El Segundo has it all: smoke stacks, LAX air traffic, a slice of the most congested freeway in the nation. Oh, and there’s the beach, but you have to traverse a water treatment facility to get there.
But now that list of dubious desirables has been joined by another distinction: a really hot real estate market.
The 5.5-square-mile city of 17,000, which used to be a hub of businesses in the aerospace and defense industries, is being transformed as large older buildings are converted to new uses and millions of square feet of new projects are coming out of the ground.
The change is being driven by property owners and investors who see an opportunity to ride a wave of demand from creative and other businesses for modern, low-rise office buildings.
“For a long time, people’s perception of El Segundo was that it was this back-office community for cheaper rents,” said Jacob Bobek, a principal at real estate brokerage Avison Young. “But the office space there has shifted away from that to opportunities for good work environments in creative office space.”
Landlords and developers in El Segundo have together committed more than $1 billion to update and build out the city’s office market. At least 20 development projects – about half ground-up construction and half major renovations to existing buildings – are in various stages of planning or construction in the area. New construction alone promises to add more than 2.8 million square feet of office space, 133,000 square feet of retail space, 927 hotel rooms and a 115,000-square-foot sports facility. Those additions come on top of renovations to nearly 4.8 million square feet of former aerospace and defense industry buildings that are on the drawing board or have been recently completed.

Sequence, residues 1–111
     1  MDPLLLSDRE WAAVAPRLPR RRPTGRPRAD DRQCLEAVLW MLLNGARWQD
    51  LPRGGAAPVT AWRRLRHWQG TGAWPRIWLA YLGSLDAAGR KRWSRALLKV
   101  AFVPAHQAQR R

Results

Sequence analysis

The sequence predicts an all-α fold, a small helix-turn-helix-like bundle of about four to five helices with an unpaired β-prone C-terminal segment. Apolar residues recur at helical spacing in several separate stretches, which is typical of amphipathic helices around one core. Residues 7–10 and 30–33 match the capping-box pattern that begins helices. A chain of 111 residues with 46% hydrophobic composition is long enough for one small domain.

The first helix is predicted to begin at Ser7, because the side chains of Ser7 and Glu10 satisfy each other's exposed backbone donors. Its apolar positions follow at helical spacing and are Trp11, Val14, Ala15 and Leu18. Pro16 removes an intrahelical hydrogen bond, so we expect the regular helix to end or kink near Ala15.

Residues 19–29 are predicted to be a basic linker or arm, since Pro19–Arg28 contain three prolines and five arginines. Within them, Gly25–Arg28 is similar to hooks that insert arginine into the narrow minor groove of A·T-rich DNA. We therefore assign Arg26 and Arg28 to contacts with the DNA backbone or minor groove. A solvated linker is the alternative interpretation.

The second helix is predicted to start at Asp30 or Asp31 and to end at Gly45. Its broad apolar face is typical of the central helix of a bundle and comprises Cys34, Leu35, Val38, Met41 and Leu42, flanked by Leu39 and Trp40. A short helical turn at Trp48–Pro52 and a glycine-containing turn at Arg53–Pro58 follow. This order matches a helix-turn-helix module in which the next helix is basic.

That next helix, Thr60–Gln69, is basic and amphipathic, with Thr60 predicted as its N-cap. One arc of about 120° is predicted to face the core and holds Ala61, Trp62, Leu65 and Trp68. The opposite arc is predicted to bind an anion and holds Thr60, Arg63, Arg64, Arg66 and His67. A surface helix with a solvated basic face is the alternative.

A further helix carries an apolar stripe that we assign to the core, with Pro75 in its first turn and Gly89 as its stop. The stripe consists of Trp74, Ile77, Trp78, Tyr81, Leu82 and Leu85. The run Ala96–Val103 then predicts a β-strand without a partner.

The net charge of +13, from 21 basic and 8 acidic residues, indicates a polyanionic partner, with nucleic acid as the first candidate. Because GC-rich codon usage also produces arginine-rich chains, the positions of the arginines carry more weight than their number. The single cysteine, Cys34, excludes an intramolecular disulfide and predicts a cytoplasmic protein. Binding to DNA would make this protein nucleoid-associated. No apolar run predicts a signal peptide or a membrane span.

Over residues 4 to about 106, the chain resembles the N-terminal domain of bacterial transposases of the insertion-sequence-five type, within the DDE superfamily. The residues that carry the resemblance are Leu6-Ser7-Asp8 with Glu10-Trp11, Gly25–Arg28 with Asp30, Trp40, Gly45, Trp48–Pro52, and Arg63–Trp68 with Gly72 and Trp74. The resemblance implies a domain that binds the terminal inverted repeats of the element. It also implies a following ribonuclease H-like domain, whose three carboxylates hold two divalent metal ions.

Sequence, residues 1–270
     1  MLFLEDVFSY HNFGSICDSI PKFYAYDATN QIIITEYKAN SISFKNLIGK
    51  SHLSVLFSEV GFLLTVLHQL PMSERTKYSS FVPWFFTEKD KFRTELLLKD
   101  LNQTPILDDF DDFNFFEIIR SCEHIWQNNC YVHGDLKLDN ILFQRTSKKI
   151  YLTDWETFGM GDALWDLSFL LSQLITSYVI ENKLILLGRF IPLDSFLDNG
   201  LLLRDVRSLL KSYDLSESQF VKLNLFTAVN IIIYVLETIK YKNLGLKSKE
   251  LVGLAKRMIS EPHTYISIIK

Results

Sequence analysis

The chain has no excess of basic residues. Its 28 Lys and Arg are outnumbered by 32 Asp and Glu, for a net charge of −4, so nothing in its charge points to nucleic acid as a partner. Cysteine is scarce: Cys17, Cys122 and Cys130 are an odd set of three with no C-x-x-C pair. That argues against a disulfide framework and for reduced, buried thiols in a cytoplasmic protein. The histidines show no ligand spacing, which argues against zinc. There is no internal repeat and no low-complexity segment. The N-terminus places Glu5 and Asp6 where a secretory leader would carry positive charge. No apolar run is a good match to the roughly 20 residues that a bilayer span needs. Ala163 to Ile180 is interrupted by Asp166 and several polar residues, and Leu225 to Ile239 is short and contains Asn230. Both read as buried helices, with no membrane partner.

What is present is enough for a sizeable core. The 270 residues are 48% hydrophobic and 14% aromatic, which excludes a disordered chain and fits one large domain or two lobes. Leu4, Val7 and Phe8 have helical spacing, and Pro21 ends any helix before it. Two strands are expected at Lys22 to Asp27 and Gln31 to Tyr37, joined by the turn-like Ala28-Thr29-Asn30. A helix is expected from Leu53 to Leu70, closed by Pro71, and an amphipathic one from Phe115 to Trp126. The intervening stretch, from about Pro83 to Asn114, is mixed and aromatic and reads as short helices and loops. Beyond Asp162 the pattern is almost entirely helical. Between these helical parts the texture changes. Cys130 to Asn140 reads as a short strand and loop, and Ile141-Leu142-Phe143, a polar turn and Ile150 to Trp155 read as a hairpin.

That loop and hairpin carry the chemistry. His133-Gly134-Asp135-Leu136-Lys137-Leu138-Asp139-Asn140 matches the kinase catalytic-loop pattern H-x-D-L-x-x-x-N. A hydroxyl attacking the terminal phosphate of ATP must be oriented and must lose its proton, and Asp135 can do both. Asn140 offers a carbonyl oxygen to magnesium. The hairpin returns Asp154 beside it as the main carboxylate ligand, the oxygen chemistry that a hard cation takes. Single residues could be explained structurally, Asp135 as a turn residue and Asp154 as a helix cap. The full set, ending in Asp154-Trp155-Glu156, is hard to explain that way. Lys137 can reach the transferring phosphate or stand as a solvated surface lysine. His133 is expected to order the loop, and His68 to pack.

This bullishness, said developers and brokers working the market, is in large part due to the a solid transportation infrastructure, proximity to executive housing in nearby beach cities, high-performing public schools, a low cost of doing business and the speed with which the small municipality can grant approvals.
Suzanne Fuentes, mayor of El Segundo, said that in the small, business-friendly city, building permits and licenses cost less and take considerably less time to obtain than in bigger, more bureaucratic cities.
“The one big incentive we have is we’re a small town,” she said. “We’re very agile and responsive, and people have generally been very supportive of development in El Segundo.”
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